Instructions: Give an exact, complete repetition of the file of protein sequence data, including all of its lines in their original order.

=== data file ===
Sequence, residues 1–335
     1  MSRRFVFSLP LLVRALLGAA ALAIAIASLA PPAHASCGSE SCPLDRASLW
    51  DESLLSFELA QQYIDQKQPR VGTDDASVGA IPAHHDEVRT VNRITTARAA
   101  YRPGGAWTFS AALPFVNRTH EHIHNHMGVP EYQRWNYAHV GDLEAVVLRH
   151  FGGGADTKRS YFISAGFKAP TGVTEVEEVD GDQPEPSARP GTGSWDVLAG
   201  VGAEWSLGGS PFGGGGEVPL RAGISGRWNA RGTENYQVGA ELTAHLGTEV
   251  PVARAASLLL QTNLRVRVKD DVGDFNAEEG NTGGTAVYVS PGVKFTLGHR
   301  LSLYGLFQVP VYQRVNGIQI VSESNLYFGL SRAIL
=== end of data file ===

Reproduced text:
Sequence, residues 1–335
     1  MSRRFVFSLP LLVRALLGAA ALAIAIASLA PPAHASCGSE SCPLDRASLW
    51  DESLLSFELA QQYIDQKQPR VGTDDASVGA IPAHHDEVRT VNRITTARAA
   101  YRPGGAWTFS AALPFVNRTH EHIHNHMGVP EYQRWNYAHV GDLEAVVLRH
   151  FGGGADTKRS YFISAGFKAP TGVTEVEEVD GDQPEPSARP GTGSWDVLAG
   201  VGAEWSLGGS PFGGGGEVPL RAGISGRWNA RGTENYQVGA ELTAHLGTEV
   251  PVARAASLLL QTNLRVRVKD DVGDFNAEEG NTGGTAVYVS PGVKFTLGHR
   301  LSLYGLFQVP VYQRVNGIQI VSESNLYFGL SRAIL